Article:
5. 5. Under the efficient market hypothesis (EMH), investors cannot earn abnormal profits on the available information set Φ t other than by chance. The level of over value or under value of a particular stock is defined as: x j ,t +1 = p j ,t +1 − E ( p j ,t +1 | Φ t ) (2) where x j ,t +1 indicates the extent to which the actual price for security j at the end of the period differs from the price expected by investors based on the information available Φ t . As a result, in an efficient market it must be true that: E ( x j ,t +1 | Φ t ) = 0 (3) This implies that the information is always impounded in stock prices. Therefore the rational expectations of the returns for a particular stock according to the EMH may be represented as: Pt +1 = Et Pt +1 + ε t +1 (4) where Pt is the stock price; and ε t +1 is the forecast error. Pt +1 − Et Pt +1 should therefore be zero on average and should be uncorrelated with any information Φ t . Also E ( x j , t + 1 | Φ t ) = 0 when the random variable (good or bad news), the expected value of the forecast error, is zero: E t ε t +1 = E t ( Pt +1 − E t Pt +1 ) = E t Pt +1 − E t Pt +1 = 0 . (5) Underlying the efficiency market hypothesis, it is opportune to mention that expected stock returns are entirely consistent with randomness in security returns. This position is supported by the law of iterated expectations (Campbell et al. 1997; Samuelson 1965). The expectational difference equation can be solved forward by repeatedly substituting out future prices and using the law of iterated expectations: Et [Et+It (X)] = Et(X). (6) Campbell et al. (1997) state that: …if one has limited information It, the best forecast one can make a random variable X is the forecast of the forecast one would make of X if one had superior information Jt, rewritten as Et [X-E[X| Jt]| It is equal to zero. One cannot use limited information It to predict the forecast error one would make if one had superior information J t. (1997, p. 23) Non-parametric testing of market efficiency is based on the premise of no arbitrage opportunities, i.e., that opportunities for earning unusual returns do not exist (Fama 1970; Jensen 1978). Along with other empirical studies (Ball 1978; Charest 1978; Banz 1981; Schwert 1983; Fama and French 1989; Fama 1991; Fama et al. 1993; Lo 1996), many researchers have also jointly tested the market efficiency with an asset 5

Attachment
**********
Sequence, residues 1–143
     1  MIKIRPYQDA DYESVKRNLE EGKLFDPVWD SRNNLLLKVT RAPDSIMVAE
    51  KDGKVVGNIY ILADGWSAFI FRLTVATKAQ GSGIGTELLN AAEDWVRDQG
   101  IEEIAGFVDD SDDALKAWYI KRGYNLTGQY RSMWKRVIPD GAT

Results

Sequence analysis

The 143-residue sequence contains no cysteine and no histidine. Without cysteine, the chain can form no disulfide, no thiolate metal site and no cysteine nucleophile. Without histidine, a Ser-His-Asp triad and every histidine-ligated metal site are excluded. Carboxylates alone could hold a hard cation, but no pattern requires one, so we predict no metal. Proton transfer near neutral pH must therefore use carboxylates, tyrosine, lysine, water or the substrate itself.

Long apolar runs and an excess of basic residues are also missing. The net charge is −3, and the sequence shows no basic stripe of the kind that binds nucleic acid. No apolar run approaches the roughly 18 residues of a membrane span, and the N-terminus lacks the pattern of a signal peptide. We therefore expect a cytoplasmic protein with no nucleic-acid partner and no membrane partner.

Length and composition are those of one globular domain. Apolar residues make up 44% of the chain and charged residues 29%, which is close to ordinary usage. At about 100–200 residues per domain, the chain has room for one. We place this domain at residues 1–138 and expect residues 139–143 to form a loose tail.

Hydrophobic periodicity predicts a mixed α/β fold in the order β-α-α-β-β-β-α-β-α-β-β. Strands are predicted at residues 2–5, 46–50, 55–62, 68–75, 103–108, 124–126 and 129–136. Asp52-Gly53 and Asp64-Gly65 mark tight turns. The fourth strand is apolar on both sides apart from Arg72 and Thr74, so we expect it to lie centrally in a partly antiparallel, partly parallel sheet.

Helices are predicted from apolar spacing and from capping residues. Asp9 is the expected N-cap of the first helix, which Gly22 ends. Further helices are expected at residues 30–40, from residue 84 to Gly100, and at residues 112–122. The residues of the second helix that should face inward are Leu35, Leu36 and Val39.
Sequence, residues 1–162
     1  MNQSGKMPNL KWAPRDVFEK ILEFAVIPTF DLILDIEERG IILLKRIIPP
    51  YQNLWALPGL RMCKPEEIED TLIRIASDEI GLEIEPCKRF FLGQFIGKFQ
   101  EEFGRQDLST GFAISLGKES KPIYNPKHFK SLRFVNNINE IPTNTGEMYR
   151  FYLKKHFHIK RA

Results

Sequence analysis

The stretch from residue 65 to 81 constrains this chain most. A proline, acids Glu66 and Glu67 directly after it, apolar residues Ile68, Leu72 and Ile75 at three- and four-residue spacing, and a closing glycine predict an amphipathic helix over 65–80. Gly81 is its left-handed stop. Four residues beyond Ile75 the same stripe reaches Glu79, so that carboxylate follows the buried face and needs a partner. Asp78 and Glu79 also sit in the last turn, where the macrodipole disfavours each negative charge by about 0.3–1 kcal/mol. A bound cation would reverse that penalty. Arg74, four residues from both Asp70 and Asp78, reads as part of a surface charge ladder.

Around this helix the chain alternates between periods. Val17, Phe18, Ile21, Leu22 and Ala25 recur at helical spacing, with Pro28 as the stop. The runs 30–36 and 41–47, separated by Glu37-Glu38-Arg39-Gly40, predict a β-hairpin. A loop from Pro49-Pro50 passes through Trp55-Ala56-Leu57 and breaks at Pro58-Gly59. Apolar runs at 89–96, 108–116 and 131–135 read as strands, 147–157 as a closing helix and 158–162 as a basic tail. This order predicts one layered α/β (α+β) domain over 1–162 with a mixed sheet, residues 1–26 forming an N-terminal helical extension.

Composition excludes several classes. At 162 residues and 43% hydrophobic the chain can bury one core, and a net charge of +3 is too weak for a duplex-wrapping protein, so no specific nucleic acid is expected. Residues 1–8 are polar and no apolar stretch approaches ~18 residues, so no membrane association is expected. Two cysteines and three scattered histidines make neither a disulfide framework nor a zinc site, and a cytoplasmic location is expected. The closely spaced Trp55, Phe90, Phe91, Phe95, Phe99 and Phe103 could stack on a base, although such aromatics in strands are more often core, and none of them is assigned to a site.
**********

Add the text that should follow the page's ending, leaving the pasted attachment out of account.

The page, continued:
6. 6. pricing model. If the null hypothesis is rejected, the failure of either market efficiency or the model does exist. However, the authors have often preferred to conclude that difficulties in asset pricing theory, rather than market efficiency, underlie the rejection of the null hypothesis which have been uncovered in tests of asset pricing. In addition, the rejection of the null hypothesis is likely to have resulted from the misspecification of the asset pricing theory and not market efficiency itself. 2.3 EMH and Time Series Behaviour Broadly speaking, the incident of white noise, random walk, martingale and fair game properties of financial time series is evidence in favour of EMH. To reiterate, the absence of arbitrage opportunities expresses the idea that the only chance for speculators to gain an opportunity to earn abnormal profits occurs if mispriced stocks exist in an economy populated by rational agents. In fact, the mispriced stocks will be automatically adjusted. Since this scenario will be replayed every time an arbitrage opportunity arises, price levels will be continuously maintained according to the Samuelson’s fair game theory or martingale difference. Samuelson (1965) modelled this property of prices as the random walk: Yt = Yt −1 + ε t (7) and random walk with drift (time trend): Yt = µ + Yt −1 + ε t . (8) Random walks also exhibit Markov and martingale properties. A Markov property is the information for determining the probability of a future value of the random variable already contained or expressed in the current status of that variable. The martingale property is the conditional expectation of a future value of the random variable. The positive drift (called sub-martingale) in random walk exists when α is greater than zero. On the other hand, negative drift (called super-martingale) in random walk exists when α is less than zero. However, if α is equal to zero, then it would be a normal random walk. The martingale property is defined as: Yt = Yt −1 + α + ε t . (9) Campbell et al. (1997, p. 29) summarize the classification of random walk and martingale hypotheses as in Table 1. 6